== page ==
Newsletter - Biden's Climate Course as a Role Model?

From our Forum New Economy newsletter series.




8. APRIL 2024


3 MIN.

Dear friends and colleagues, 

American voters still seem quite unimpressed by the economic progress their president is making. Joe Biden remains unpopular. Yet what his administration is currently practising could become an international role model and could shake up some of the supposed certainties that still dominate thinking about the right economic policy, especially in Germany. What this means, and whether it has what it takes to help counter the tendency of the frustrated to vote for populists, will be explored at our Berlin Summit at the end of May with leading international thinkers and practitioners. The working title is “Winning back the people“.

This involves both industrial policy, i.e. the targeted promotion of strategically important industries, and the best way to implement climate policy. In Germany, the orthodox motto is still that prices for climate-damaging goods must rise, period. What Joe Biden has been practising since the launch of his Inflation Reduction Act (IRA) is roughly the opposite: An attempt to move people and the economy towards climate-neutral behaviour through positive incentives, through massive subsidies instead of higher prices. It thus also marks a change of direction from market-liberal policy approaches to public aid. And the question now arises as to whether this is not ultimately the more successful strategy. In any case, one impressive report from the US about soaring spending on renewable energy has followed another for months.

More than a few impressive individual cases? Probably. And yet not so easy to answer, as overall data is still missing. The boom is currently underway. Tom Krebs is trying to find out what is behind it in a study that he is currently preparing for the summit in May – in dialogue with leading international researchers such as Michael Grubb from University College London and Jonas Meckling from Berkeley University. At the summit, the results will be presented in expert panels – and discussed with practitioners from the Federal Ministry of Economics, for example.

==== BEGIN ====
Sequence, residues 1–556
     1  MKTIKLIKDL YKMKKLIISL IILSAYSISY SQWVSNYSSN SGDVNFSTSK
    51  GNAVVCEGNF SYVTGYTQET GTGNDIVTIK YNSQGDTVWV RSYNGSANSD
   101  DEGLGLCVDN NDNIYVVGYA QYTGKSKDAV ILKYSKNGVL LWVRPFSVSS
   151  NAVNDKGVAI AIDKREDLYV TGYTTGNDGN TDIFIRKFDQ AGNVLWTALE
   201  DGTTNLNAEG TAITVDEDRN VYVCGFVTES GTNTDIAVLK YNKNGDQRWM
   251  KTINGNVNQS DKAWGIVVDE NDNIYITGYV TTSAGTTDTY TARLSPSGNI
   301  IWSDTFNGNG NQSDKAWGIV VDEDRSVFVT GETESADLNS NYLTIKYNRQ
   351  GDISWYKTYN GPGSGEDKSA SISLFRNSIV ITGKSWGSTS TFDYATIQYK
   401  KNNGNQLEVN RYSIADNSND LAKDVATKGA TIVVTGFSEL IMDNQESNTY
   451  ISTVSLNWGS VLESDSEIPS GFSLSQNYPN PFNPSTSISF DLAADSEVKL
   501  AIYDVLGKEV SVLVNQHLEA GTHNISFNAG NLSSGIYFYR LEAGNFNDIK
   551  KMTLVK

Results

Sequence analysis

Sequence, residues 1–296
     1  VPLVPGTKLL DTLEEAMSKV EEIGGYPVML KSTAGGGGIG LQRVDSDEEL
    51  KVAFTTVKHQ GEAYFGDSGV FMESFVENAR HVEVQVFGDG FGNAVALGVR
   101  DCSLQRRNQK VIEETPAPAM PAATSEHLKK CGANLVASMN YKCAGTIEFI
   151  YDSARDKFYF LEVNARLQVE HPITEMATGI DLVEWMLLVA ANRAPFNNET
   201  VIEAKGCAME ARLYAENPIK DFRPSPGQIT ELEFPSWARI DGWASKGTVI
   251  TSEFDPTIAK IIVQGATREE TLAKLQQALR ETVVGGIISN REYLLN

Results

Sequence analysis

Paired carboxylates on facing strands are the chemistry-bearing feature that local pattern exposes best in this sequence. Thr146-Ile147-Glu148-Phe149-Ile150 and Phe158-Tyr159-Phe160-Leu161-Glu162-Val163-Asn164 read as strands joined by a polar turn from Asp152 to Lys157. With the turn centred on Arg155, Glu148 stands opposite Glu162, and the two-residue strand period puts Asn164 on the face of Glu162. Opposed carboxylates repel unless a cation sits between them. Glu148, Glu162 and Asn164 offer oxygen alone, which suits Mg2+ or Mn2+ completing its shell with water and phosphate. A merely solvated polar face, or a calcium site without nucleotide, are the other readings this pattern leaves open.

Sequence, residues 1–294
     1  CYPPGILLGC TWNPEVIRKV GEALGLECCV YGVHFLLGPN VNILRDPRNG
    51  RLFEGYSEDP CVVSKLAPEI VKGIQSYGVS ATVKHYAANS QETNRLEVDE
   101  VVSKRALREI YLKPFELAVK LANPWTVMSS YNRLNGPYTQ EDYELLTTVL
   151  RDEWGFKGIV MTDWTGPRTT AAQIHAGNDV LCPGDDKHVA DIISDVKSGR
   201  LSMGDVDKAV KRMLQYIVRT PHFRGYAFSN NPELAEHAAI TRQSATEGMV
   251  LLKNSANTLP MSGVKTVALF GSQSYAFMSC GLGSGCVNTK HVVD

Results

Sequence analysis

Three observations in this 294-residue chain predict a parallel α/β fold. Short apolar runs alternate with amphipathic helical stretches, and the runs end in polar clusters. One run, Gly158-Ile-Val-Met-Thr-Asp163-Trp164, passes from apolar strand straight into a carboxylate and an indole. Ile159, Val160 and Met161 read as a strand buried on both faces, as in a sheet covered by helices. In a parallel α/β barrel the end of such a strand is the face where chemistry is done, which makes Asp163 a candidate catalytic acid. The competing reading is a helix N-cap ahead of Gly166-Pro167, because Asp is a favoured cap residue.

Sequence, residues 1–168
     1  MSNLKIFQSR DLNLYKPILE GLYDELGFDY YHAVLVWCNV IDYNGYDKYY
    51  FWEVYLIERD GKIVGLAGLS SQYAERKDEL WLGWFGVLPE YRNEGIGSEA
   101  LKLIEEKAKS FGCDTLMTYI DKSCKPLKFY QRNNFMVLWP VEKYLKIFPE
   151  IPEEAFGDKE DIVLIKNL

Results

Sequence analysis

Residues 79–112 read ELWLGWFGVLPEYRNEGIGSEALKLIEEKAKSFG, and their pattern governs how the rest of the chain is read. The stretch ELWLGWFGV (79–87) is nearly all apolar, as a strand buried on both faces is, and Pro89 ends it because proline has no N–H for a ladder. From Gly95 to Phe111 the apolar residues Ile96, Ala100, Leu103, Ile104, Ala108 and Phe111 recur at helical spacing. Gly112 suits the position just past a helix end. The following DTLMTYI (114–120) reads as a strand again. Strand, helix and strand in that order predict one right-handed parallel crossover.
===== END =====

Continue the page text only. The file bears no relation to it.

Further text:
The answer is certainly important. The more Biden’s course of generous incentives proves to be a means of accelerating investments to tackle the climate crisis and create jobs at the same time, the more the dogma in Germany that the climate can only be saved through pain and high costs will be shaken. It is quite possible that not only the Americans are against this. And that they may end up voting for Joe Biden again.

In addition to Dani Rodrik, Adam Tooze and Laura Tyson, Branko Milanovic and Harold James have now also confirmed their attendance at the Berlin Summit, as has the Mayor of Spremberg, Christine Herntier. The economists will speak partly in smaller groups and partly in front of a larger audience – for example at a pre-opening on 27 May in the afternoon, as well as all day on 29 May just outside Berlin. If you would like to attend on 29 May – please send an email to The number of available spots is limited. More information coming soon.


Until then, here’s something to rewatch: our Short Cut with Jérôme Creel and Peter Bofinger on the lessons from inflation – and a possibly urgent reallocation of responsibilities between governments and central banks. Lately, governments appear to have played a much more active role in the fight against inflation than expected under the orthodox rule that central banks are solely responsible. Re-live: here.

And one more thing to note: on 16 April at 4pmMartin Hellwig will present his revised book on the banking crises in our next New Economy Short Cut. The registration link will follow shortly.


Have a nice weekend,

Thomas Fricke


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